We are very familiar with Bowling Green, Kentucky because back when we were teaching at Life on Wheels one of our regular venues was at Western Kentucky University in Bowling Green. It’s a friendly small city with a lot to see and do in the area, including cave tours and the always popular National Corvette Museum.
Another interesting attraction is the Historic Railpark Train Museum, located in the old Louisville and Nashville (L&N) Railroad depot. If you have an interest in railroads or history, this is a stop you definitely need to include in your travel plans.
Bowling Green has long been an important part of transportation in central Kentucky. From the days when steam powered riverboats to the Golden Age of railroading, and today’s modern interstate highway system, untold numbers of travelers and tons of cargo have passed through the area. At one time more than 20 trains left Bowling Green headed south to Nashville, Tennessee and north to Louisville, Kentucky every day.
Today the Historic Railpark Train Museum preserves the history of those long-ago days with a fascinating museum housed in the two-story depot building and a wonderful collection of vintage railcars waiting to be explored just outside.
A self-guided tour of the museum includes interactive exhibits where one can learn a lot about the history and culture of railroading. Many people don’t know that time zones in the United States were introduced by railroads to standardize train schedules. Exhibits at the museum include everything from railroad tools and equipment to passenger steamer trunks that were once more popular than suitcases, old lanterns, and more. The depot also has a gift shop with a huge model train display.
Visitors of all ages will enjoy the Railpark, because there is something to see and do for everybody. Kids can dress up like hobos, run the model railroad in the gift shop, and watch movies in the depot’s theater.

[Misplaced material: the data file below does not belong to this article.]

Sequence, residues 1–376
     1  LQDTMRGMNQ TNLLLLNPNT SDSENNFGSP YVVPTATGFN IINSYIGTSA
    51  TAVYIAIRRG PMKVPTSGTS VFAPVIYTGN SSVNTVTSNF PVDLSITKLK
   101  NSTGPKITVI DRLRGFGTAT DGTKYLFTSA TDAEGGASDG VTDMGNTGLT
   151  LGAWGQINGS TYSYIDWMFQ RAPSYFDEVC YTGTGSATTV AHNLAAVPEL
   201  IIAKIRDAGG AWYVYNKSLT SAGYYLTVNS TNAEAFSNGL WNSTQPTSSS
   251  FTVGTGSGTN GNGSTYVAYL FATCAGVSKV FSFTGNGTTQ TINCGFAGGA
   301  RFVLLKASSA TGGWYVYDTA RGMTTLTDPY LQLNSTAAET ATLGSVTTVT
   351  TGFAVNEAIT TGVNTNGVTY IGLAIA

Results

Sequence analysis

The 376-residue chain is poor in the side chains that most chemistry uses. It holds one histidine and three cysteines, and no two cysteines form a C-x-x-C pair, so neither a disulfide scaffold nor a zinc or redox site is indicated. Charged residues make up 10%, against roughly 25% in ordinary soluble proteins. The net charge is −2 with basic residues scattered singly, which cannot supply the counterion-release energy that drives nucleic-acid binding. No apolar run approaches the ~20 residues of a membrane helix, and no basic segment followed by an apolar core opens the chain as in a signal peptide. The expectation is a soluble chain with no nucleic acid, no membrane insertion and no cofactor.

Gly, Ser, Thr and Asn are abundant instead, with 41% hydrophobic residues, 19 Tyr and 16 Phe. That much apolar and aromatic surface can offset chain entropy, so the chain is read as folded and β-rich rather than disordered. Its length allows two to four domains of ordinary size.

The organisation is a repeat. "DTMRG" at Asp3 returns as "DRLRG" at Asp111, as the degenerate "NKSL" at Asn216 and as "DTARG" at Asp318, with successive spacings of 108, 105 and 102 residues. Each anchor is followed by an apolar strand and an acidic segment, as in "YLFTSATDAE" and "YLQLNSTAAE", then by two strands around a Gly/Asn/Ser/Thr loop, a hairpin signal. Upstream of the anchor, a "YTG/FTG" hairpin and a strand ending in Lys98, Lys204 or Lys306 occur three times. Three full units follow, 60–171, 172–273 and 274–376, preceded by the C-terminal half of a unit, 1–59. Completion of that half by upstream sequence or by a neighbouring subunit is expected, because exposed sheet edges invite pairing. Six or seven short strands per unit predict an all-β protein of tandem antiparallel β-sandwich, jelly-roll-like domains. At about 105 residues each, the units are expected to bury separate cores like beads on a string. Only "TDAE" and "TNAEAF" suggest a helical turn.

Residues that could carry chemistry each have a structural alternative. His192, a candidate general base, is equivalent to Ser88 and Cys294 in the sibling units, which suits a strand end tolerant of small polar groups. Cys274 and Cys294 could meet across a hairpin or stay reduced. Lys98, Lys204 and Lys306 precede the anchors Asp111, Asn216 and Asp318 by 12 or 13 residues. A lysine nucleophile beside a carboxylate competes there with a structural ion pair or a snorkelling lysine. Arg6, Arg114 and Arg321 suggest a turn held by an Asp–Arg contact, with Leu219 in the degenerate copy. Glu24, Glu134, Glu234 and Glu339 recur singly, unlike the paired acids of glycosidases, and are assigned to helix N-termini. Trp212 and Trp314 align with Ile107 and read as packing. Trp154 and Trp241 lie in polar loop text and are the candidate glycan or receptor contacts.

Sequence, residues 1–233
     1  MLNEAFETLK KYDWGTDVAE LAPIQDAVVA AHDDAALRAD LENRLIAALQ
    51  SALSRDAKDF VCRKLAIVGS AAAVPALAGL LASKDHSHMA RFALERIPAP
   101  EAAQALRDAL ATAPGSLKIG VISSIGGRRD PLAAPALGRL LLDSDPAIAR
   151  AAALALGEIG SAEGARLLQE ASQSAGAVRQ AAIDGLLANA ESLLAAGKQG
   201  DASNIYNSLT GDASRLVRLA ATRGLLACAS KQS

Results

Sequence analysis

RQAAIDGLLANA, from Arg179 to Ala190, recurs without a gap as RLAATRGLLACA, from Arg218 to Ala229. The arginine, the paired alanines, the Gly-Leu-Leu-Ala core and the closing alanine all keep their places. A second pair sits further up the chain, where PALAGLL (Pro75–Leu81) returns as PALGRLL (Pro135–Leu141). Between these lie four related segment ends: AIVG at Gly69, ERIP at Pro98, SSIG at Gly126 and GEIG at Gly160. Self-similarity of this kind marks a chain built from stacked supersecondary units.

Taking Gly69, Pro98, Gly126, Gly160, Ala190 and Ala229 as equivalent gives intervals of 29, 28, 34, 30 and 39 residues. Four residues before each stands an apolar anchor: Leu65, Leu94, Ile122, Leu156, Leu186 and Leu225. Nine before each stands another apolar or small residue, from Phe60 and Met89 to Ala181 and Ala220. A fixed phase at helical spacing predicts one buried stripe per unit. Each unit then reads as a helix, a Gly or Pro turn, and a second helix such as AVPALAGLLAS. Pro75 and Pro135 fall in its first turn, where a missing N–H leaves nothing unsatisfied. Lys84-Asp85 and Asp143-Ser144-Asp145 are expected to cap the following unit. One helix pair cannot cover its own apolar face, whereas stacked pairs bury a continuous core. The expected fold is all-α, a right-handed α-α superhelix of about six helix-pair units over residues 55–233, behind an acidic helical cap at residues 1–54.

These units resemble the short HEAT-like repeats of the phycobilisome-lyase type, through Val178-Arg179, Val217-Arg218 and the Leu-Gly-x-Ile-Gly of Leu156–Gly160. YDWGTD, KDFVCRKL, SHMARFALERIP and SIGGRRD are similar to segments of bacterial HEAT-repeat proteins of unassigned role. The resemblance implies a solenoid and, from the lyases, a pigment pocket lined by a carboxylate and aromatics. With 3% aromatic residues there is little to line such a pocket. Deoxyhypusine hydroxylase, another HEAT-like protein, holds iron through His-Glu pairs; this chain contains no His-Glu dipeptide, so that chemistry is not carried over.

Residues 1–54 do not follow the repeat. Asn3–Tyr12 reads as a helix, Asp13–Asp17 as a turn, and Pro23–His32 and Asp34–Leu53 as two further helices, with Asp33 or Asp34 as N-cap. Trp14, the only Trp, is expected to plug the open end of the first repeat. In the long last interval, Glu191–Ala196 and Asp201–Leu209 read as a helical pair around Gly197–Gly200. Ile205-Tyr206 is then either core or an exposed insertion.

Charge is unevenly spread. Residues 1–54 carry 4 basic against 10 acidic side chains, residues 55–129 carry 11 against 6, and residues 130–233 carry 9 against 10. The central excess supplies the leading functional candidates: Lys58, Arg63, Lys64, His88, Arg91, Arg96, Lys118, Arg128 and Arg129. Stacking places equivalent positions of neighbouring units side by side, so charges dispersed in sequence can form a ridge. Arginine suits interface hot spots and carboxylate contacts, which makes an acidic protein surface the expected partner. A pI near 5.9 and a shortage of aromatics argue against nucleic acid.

The depot itself was built in 1925 to replace an earlier structure that was burned by Confederate troops when they left Bowling Green during the Civil War as the Union army advanced on the city. The L&N Railroad played an important but contentious role in the Civil War, carrying freight for both the North and the South. At war’s end, Milton Smith, the president of the railroad, expected the city to pay for construction of a new depot, and when they didn’t do it fast enough to suit him he threw a tantrum and moved the railroad’s headquarters to Paris, Tennessee. It wasn’t until after his death that the operation moved back to Bowling Green.
The present depot building’s two levels were segregated at one time, with a waiting room for white passengers on the upper level and African-Americans on the lower level.
Outside, this beautiful 796 E-8 locomotive, built by the Electro Motive Division of General Motors, is one of the most popular units on display at the Railpark.
Beginning back in 1832, mail was delivered to towns along the rail lines by way of Railway Post Office cars, commonly called “RPOs” and as many as five mail clerks would sort the mail as a train rolled down the tracks to its next destination. When the train arrived at a town the mail was ready to be picked up, and then on they went to the next town down the line. The RPO concept was very successful and continued until 1977. The Railpark’s RPO mail car is cramped and visitors can get an idea of how difficult it was to work inside it as it jostled on the tracks.